Snapshot Year/Month Grid-Highest Point Reached

Derek Standen's Ascents by Year/Month

Links for other Snapshot Grids:Use Metric Color Ranges
  Highest Peak Climbed    Most Prominent Peak Climbed    Most Isolated Peak Climbed    Most Vertical Gain Hiked    Highest Climber-Defined Quality    Top Ascents in all Categories  


1984      Δ Wright     
1985       Δ Whiteface    
1986       Δ Algonquin Δ Gothics  
1987      Δ Giant     
1988      Δ Nippletop     
1989     Δ Dix      
1990     Δ Rocky Peak RidgeΔ Gardner     
1991     Δ Marcy Δ Hough Δ Nye  
1992    Δ Marshall Δ Gros MorneΔ Seward    
1993    Δ Panther  Δ Redfield    
1994     Δ SantanoniΔ Ben Nevis     
1995    Δ Allen   Δ Couchsachraga   
1996    Δ Lower WolfjawΔ Camels Hump   Δ Mansfield  
1997    Δ Ellen       
1998    Δ Haystack Δ WashingtonΔ AlgonquinΔ Slide   
1999     Δ South TwinΔ Sulphur SkylineΔ Gothics    
2000     Δ LafayetteΔ Giant Δ Killington   
2001        Δ Carter Dome   
2002      Δ GarfieldΔ Marcy    
2004     Δ Carrigain      
2005    Δ MoosilaukeΔ Silver      
2006Δ Kilimanjaro     Δ North Tripyramid   Δ Osler Bluff 
2007 Δ Ngauruhoe    Δ Cabot Δ Ishpatina Ridge   
2008   Δ Kala Pattar  Δ WaumbekΔ King    
2009    Δ ScrabbleΔ MoriahΔ MapleΔ Tower Δ Durham HPΔ Kawartha Lakes HP 
2010    Δ Madison Δ Peak 546Δ Ishpatina Ridge Δ Niagara Escarpment HPΔ Luther BenchmarkΔ Halton HP
2011   Δ Peak 546 Δ Sugarloaf Δ Seal Lake Δ Southern Ontario HP  
2012    Δ ManitouΔ CrockerΔ Parry Sound HPΔ Alvin LakeΔ Queen Elizabeth II Wildlands Provincial Park HP Δ Brantford HP 
2013     Δ Bigelow Δ Haystack Δ Peak 579  
2014    Δ Silver Δ KatahdinΔ Kwagama Hill    
2015    Δ Peak 564Δ WashingtonΔ Griffin Lake     
2016   Δ False Essex PointΔ Lake Labelle Firetower Δ TowerΔ Eagle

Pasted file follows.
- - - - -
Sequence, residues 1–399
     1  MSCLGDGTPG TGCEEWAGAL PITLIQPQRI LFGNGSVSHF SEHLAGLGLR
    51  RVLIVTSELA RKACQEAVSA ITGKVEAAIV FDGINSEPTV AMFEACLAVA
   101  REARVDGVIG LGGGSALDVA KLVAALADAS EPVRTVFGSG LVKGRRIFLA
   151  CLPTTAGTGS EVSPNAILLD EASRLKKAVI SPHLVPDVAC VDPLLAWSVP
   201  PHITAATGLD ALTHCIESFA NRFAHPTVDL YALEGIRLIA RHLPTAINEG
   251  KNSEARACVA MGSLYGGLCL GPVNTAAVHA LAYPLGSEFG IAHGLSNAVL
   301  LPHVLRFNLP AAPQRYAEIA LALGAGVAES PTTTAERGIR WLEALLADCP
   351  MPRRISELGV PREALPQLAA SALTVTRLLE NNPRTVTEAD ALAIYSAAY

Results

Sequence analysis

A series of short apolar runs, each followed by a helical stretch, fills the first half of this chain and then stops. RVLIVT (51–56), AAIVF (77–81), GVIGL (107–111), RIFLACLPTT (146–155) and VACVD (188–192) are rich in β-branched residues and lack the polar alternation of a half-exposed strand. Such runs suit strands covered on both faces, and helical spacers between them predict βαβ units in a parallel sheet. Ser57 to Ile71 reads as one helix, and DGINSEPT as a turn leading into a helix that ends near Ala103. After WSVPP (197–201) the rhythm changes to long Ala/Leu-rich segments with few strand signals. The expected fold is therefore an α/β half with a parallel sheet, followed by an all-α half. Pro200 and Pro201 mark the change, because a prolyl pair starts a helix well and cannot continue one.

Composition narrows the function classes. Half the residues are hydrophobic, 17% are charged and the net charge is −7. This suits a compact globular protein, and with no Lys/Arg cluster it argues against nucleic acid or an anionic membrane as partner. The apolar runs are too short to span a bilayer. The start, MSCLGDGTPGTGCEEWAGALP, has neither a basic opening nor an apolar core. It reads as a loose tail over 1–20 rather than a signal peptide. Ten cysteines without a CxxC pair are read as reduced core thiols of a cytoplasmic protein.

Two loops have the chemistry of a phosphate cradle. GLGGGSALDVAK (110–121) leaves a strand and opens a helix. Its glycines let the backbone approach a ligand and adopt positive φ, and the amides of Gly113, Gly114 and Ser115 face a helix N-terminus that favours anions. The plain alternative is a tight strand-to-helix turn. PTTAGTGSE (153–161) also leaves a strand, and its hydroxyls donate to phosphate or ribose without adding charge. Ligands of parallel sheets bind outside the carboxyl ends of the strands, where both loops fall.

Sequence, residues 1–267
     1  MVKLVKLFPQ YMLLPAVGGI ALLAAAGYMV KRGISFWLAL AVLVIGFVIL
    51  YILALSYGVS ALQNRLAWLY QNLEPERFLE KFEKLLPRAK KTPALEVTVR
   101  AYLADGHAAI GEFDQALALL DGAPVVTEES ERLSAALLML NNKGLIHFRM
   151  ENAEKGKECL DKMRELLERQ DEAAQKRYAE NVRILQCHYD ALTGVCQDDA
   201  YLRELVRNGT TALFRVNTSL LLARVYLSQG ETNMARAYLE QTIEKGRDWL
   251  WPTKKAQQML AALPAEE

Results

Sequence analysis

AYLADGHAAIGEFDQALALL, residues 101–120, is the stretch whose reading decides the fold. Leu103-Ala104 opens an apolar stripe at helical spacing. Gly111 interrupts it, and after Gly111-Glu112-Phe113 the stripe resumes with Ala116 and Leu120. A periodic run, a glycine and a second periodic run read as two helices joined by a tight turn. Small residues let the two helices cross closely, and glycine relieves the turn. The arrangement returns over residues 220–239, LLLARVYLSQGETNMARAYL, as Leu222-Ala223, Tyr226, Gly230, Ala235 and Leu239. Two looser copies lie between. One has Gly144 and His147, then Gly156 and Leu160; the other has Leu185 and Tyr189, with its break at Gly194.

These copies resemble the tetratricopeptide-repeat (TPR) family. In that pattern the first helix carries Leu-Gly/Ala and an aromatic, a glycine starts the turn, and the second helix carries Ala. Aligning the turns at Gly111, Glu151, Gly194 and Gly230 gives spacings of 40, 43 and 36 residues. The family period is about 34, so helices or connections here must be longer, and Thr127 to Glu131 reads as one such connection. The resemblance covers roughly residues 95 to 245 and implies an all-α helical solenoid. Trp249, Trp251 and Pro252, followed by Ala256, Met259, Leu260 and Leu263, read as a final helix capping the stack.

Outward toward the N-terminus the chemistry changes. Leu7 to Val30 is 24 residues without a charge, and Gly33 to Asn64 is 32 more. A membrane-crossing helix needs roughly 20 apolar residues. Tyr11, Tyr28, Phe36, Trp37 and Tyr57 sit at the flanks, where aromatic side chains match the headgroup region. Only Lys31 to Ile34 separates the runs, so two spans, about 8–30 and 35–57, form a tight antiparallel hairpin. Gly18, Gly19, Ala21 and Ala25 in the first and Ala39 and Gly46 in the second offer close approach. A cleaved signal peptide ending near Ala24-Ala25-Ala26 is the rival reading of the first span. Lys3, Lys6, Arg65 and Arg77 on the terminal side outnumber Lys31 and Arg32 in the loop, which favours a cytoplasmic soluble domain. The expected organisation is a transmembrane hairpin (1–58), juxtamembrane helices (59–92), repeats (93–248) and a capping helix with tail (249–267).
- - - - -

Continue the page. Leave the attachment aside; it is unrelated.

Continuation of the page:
2017  Δ Waterloo HP   Δ Ghost Range Δ Parch Creek Peak East   
2018      Δ Table TopΔ Mauna Kea    
2019Δ Hamilton HP      Δ Ishpatina Ridge  Δ Essex CoHP 
2021      Δ Murphys PinnacleΔ Ararat    
2022    Δ Peak 556 Δ Peak 486  Δ Wilkie Lake  


Legend for Color Coding

20,000 feet or more
14,000 to 19,999 feet
10,000 to 13,999 feet
5,000 to 9,999 feet
2,000 to 4,999 feet
Below 2,000 ft

About the Snapshot Year-Month Grid

General Considerations:

  • "-X" after a peak name means an unsuccessful ascent, for example "Rainier-X".
  • A parenthetical name is a non-summit goal hike, for example, "(Snow Lake Hike)" or "(Rainier)".
  • The Δ triangle symbol is a hyperlink to the detailed Ascent Page for that ascent. The peak name is a link to the Peak Page for that peak.
  • The color of the cell shows how high, prominent, isolated, or high-quality the peak/ascent is, and the color ranges are shown in the legend to the left.
  • If the color is based on altitude, prominence, or vertical gain, you can switch between meters-based ranges or feet-based ranges. These are set up to be generally equivalent.

This grid comes in seven "flavors", each one showing a different "top" peak for a month. The flavors or categories are:

  1. Highest Point Reached. Can be an unsucessful attempt or non-summit goal hike.
  2. Highest Peak Climbed. Sometimes not the same as highest point, if that point was an unsuccessful ascent or a non-summit goal hike.
  3. Most Prominent Peak climbed. Note that many peaks in the database do not yet have a prominence value.
  4. Most Isolated Peak climbed. Isolation values may not be 100% accurate, since most are cacluated to nearest higher peak in the database.
  5. Peak with most vertical gain hiked. Note that many climbers do not enter vertical gain information on their ascents. Also, if several summits are grouped in a "trip", then the total gain for all ascents in that trip is assigned to the trip high point.
  6. Peak with the highest "Quality" value--this is a subjective number from 1-10 given by the climber. Note that many climbers have not given any of their ascents quality numbers.
  7. Finally, "Top Ascents in All Categories", which shows, for each month, the unique peaks from all the 6 other categories. In many cases, one or two peaks will be the leader in the 6 categories, since often the highest peak climbed for a month is also the highest point reached, the most prominent peak, and the one with the most gain. But in some cases several peaks may appear for a month.

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